And when the game started, it was only more so. Everything is just right there, clear and crisp and under the lights it just doesn’t seem real, it feels like being in a movie. And I guess it is fine to be all jaded and gruff and you’ve sat in the American Express seats and even my fucking SISTER has sat in her corporate box at Fenway for Matsuzaka’s first start (trust me there have been words on that) but if you don’t do it all the time it is wonderful and special and you feel like you are somewhere else, like it is not real. You feel like you are in the middle of it on the field level.

I’ve said it before, but Santana’s pitching is poetry in motion, it is elegant and grand and imposing in every movement and moment, leaning in, winding up, delivering. I love photographing it because it allows me to focus on the movement and disregard anything else.




And the game: it felt different, it felt electric, it felt like people were paying attention and playing to win. When Luis Castillo has a web-gem worthy assist, you know it’s a great night. The home runs traveled farther, the players ran harder. Taking photographs at that angle was a joy. The only thing that was missing was the camaraderie I am accustomed to on the Mezzanine level, the neighborliness of it. It didn’t seem like anyone sitting in the seats around us normally sat in those seats, and that seemed like a shame.




Reyes stealing.
Johan at bat.
Church hitting a home run.
Beltran hitting a home run, and me losing track of it, insisting it hit off the top of the scoreboard where it says NATIONAL LEAGUE. Maybe I just wanted it to hit there. It doesn’t matter.
Watching the dugout celebrations mere feet away.
Facial expressions in detail.
That double play, which I could not even start to photograph, caught up as I was in the emotion and the action and the crowd leaping to its feet and throwing its hands into the air.
The return of Ryan Church.


And, of course, the other benefit.

Luis Castillo approaches the plate.
“HEY, LUIS! DON’T BUNT! NO, SERIOUSLY, DO NOT BUNT!” TBF sounds like he has a megaphone, but no, that’s just his outside voice.
“I’m sorry,” I say to the guys across the aisle. “He’s been yelling that all week.”
“But he couldn’t hear me before,” TBF insists.
“Just don’t start talking about Kenny Lofton,” I mumble. (TBF became convinced late this week that Kenny Lofton was the answer to our current outfield woes, and it had been an almost-hourly topic of conversation since Friday evening.)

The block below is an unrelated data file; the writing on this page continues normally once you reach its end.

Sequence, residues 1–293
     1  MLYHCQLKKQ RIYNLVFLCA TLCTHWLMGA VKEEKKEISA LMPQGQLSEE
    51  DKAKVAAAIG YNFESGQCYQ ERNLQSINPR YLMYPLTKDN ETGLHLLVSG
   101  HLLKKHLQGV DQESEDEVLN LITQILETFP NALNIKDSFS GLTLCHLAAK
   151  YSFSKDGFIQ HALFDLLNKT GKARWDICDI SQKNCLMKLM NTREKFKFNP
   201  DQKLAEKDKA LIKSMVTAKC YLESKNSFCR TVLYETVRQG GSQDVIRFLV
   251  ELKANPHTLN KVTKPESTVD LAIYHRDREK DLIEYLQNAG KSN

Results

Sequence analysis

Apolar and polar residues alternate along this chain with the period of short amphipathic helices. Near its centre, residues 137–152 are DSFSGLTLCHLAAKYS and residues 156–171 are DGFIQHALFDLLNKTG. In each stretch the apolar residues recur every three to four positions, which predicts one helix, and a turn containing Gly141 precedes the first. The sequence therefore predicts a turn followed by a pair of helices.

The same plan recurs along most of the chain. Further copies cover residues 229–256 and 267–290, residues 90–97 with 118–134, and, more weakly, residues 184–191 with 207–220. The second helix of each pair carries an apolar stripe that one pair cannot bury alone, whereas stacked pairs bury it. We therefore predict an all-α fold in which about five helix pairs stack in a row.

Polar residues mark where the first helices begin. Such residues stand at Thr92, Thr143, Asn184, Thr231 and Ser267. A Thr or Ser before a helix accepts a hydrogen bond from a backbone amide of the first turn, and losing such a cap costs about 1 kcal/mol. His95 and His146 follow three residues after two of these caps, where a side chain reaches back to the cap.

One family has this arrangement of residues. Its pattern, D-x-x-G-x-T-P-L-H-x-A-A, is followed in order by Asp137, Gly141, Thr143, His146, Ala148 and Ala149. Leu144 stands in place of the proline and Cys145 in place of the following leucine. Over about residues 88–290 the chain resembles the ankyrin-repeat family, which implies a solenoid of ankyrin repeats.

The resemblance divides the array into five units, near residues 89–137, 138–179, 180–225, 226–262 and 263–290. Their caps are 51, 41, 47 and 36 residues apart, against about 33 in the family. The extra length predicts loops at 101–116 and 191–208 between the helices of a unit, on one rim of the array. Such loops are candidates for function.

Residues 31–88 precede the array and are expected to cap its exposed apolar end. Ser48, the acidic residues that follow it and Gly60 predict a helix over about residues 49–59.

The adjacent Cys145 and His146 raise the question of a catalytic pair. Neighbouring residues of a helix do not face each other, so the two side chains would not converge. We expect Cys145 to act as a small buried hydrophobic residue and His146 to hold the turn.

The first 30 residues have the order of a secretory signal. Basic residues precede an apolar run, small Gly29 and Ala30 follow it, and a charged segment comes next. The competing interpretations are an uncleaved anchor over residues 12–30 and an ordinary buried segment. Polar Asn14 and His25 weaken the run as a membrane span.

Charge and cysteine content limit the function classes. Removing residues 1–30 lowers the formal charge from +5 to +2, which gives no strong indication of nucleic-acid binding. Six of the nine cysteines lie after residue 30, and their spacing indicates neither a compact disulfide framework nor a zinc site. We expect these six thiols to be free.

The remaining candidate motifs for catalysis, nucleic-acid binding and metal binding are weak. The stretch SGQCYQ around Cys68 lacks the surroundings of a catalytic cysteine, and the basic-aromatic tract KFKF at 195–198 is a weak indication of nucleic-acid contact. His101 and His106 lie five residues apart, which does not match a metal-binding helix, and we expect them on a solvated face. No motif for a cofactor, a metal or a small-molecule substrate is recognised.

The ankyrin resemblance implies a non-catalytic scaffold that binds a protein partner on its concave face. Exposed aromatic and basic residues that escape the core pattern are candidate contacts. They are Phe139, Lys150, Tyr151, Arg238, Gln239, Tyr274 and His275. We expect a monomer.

“Wait for it. No one who mattered could hear me before.”

We caught a t-shirt; Mr. Met did not come to our dugout for the 7th inning stretch; and no foul balls came anywhere near us. We availed ourselves of one food item from the menu, because how could we not? And I do not believe we got on television, but plenty of people around us did – just like the Kiss Cam.

< warning: chick stuff ahead >

TBF hates the kiss cam, and I, in a rare spurt of girlishness, like it – although I would be happier if we didn’t have all the between-innings entertainment, the Kiss Cam is funny. My refrain is no longer “but i want to be on the smooch-cam” because I realize they are not going up to the mezzanine. However, tonight should have been our night. Was there a cuter couple in the field boxes? Was there a more Mets-themed-and-attired couple available? Noooooooo. But did we get on the smooch cam? NOOOOOOOO.

At least the dumb girls wearing designer sunglasses to keep their hair back – at 10pm – didn’t get on screen.

(Not that I noticed, anyway.)

< /chick >

9th inning, and TBF says, “We should stick around a little bit, to get the onfield celebration, and there will probably be a nice graphic,” and we are standing on our feet and cheering into the stars, and the last out and the place explodes. SANTANA 100 flashes on the screens, and the players come out onto the field, Ramon Castro body-slamming anyone who will let him. The Mets are now off to the West Coast, where they are not facing great teams, and hopefully the feeling from this week and this series will carry them where they need to go, just like it carried us home through the Brooklyn midnight, not much caring about how early we had to get up the next day.